First identified in January, XBB.1.6 has now been reported in 33 countries, including India, where it has caused a surge in infections, become the dominant strain, and prompted a return to mandatory masking in some regions. In Canada, XBB.1.16 accounts for about 2.6 per cent of cases, as of April 17.

A woman with long black hear who is wearing a mask holds a syringe.
Only about 13 per cent of New Brunswickers aged five or older have received a COVID-19 vaccine booster dose in the past five months, according to recent figures from the Department of Health. (Ben Nelms/CBC)

WHO says XBB.1.16 could become the dominant variant globally. It appears to be spreading faster than previous variants and escapes immunity, even in people who have recently had the XBB.1.5 strain.

It does not, however, appear to be causing more severe illness. "Taken together, available information does not suggest that XBB.1.16 has additional public health risk relative to XBB.1.5 and the other currently circulating Omicron descendent lineages," WHO has said.

Still, WHO has recommended countries share information about the new variant, conduct immunity tests, and track severity indicators.

The Omicron subvariant BA. 2 represented five per cent of the province's sequenced cases, and Omicron BA.5, three per cent, the COVIDWatch report shows.

A total of 311 COVID-19 vaccine doses were administered across the province in the past week, leaving vaccination rates unchanged again. They include:

  • First dose — 91.1 per cent of eligible New Brunswickers.
  • Second dose — 85.9 per cent of eligible New Brunswickers.
  • First booster — 54.8 per cent of eligible New Brunswickers.
  • Second booster — 30.5 per cent of eligible New Brunswickers.

Horizon and Vitalité breakdowns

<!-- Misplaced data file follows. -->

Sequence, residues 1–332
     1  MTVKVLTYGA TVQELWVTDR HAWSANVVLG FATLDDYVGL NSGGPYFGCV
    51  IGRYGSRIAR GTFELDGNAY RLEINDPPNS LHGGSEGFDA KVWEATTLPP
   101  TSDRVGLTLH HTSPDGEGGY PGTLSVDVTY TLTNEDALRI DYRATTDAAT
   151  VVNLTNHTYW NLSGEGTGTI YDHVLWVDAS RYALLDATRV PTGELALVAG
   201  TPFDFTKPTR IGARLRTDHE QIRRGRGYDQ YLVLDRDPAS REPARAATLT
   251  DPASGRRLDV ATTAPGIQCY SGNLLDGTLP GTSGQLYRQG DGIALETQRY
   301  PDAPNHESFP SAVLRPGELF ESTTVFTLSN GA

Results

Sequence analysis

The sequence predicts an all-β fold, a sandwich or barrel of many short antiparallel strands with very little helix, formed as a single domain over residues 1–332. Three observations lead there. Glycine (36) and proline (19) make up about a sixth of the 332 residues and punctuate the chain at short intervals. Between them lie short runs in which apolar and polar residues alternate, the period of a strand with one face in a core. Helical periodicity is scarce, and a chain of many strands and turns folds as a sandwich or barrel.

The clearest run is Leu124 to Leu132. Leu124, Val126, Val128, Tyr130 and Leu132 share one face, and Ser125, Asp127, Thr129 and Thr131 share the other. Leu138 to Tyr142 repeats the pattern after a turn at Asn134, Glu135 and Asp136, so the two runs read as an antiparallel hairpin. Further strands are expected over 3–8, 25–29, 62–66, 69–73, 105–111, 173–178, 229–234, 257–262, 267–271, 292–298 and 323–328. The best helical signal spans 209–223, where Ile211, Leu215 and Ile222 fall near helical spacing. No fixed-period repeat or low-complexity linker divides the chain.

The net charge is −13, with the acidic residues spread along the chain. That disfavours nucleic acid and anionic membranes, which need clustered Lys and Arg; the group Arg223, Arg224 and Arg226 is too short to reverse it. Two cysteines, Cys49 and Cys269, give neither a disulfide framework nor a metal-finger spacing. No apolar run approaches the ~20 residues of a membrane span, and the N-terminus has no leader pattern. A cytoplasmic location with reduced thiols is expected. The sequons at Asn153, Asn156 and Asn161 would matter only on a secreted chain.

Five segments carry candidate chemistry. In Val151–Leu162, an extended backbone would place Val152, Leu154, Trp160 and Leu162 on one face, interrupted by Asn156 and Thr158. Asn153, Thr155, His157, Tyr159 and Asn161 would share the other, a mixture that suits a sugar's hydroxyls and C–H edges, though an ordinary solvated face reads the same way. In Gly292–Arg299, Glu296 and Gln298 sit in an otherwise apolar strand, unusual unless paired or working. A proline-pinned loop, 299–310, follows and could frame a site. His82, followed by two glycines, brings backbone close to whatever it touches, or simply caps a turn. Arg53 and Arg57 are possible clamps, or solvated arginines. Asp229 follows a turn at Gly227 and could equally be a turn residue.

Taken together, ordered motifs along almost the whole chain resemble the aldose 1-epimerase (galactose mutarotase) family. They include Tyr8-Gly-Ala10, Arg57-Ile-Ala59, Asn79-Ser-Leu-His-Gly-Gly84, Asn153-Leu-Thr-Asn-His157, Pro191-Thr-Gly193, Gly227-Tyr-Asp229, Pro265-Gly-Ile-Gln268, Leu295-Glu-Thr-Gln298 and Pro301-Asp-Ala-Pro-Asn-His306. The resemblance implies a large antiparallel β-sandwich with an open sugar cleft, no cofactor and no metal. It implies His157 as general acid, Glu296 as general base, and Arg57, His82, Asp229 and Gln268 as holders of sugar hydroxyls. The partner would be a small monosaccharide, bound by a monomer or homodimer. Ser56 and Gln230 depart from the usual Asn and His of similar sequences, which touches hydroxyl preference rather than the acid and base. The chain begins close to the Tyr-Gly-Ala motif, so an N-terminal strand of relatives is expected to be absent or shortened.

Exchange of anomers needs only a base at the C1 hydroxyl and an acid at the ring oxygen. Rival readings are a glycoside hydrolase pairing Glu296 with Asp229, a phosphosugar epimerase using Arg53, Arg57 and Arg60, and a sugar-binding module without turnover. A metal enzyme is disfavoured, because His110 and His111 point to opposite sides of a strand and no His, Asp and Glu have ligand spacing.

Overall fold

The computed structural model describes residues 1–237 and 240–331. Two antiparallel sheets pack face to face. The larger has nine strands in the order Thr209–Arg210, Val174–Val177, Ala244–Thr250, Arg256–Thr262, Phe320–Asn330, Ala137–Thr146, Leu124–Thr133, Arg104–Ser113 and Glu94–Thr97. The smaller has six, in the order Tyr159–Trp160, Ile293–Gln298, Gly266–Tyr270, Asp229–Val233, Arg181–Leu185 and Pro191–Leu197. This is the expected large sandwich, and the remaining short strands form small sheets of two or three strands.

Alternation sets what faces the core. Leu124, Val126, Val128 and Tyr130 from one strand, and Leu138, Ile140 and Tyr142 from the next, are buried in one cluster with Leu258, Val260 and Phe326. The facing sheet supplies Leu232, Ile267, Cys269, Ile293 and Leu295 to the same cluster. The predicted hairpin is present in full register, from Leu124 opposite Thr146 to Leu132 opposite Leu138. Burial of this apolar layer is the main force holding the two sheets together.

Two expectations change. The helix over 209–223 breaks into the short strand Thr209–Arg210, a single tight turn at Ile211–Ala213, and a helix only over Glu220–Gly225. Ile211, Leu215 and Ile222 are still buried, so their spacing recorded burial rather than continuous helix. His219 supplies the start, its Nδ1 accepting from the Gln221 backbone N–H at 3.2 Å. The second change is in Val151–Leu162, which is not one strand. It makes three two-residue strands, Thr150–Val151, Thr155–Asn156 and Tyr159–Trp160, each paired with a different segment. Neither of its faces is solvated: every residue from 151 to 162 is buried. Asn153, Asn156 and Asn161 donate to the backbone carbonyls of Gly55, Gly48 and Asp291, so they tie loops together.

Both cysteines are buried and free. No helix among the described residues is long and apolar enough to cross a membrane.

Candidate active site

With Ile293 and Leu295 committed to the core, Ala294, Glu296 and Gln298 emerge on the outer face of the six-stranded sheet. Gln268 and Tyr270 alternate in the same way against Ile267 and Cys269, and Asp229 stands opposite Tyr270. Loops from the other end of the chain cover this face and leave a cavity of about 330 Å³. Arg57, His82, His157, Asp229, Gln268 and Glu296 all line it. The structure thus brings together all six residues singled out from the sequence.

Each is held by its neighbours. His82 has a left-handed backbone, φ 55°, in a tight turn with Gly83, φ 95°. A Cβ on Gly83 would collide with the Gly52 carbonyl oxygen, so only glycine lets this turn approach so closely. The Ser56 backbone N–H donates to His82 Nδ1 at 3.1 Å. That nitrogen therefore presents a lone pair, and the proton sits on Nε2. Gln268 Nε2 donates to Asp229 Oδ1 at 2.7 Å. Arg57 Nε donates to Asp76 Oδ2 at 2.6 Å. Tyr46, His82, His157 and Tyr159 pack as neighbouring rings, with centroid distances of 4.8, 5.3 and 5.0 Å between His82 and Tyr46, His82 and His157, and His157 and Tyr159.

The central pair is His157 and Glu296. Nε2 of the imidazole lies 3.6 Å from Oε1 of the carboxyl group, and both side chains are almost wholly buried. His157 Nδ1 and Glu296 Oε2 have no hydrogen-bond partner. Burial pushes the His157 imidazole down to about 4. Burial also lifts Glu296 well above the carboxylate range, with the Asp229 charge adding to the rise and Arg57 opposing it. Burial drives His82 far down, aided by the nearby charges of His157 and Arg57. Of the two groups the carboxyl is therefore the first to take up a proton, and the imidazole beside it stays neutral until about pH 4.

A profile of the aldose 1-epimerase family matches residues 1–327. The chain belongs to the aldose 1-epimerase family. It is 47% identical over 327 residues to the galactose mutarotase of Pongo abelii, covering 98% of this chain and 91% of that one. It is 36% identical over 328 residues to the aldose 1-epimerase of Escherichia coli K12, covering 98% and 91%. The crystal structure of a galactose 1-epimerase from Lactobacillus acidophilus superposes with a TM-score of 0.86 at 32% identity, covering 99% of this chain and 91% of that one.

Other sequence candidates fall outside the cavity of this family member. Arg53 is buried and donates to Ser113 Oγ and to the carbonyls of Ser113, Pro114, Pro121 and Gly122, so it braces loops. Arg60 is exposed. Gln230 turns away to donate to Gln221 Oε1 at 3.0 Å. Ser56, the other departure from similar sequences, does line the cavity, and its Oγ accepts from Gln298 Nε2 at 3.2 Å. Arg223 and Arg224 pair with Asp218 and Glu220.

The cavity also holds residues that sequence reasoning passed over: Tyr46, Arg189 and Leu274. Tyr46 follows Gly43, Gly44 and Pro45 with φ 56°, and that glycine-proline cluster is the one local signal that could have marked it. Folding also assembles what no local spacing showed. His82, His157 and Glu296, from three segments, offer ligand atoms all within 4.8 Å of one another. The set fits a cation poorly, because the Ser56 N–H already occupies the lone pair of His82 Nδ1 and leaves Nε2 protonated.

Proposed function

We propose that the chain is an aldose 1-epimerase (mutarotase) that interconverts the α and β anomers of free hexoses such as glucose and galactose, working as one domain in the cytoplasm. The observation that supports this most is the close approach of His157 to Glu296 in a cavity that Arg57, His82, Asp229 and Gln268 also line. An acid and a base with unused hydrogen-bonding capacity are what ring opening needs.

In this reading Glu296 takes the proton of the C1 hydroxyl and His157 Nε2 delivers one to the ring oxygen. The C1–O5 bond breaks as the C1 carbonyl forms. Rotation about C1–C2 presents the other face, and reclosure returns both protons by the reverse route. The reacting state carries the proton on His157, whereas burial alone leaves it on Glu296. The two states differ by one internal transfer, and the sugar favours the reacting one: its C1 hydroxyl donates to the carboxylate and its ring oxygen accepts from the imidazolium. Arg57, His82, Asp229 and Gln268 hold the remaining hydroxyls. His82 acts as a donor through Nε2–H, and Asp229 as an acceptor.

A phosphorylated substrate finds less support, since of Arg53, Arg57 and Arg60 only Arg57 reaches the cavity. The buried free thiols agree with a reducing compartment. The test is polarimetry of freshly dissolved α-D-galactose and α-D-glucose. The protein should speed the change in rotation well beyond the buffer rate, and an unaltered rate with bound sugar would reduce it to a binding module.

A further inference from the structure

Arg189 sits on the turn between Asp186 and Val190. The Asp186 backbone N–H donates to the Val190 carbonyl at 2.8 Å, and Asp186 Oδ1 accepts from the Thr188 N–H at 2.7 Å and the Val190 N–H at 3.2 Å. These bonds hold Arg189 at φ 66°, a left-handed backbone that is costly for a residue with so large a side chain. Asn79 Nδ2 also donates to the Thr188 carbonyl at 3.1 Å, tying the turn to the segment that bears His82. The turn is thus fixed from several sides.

Horizon Health Network has 30 of the hospitalized COVID patients, including four in intensive care, its weekly COVID-19 dashboard shows. That's up from 22 and none, respectively, a week ago.

The majority of the patients are split between the Moncton region, Zone 1, with 14, and the Saint John region, Zone 2, with 12. The other four are in the Fredericton region, Zone 3.

Vitalité Health Network has the other 12 COVID patients, down from 13, according to its weekly COVID update. One person requires intensive care, up from none.

Eight of the patients are at the Chaleur Regional Hospital in the Bathurst region, Zone 6, three are at the Dr. Georges-L.-Dumont University Hospital Centre in the Moncton region, Zone 1, and the one in intensive care is at the Campbellton Regional Hospital in the Campbellton region, Zone 5.

The number of health-care workers off the job after testing positive for COVID has dropped to 32 from 50 in the past week — 15 at Horizon and 17 at Vitalité.

There are COVID-19 outbreaks on four Horizon hospital units — two in the Moncton region and two in the Saint John region. No other details are provided. A week ago, Horizon had two hospital COVID outbreaks.

Vitalité now has two COVID outbreaks at Chaleur Regional Hospital, including a new one on the medical unit (2 West), as of Monday. The outbreak on the extended care unit (4 West) continues, according to the website.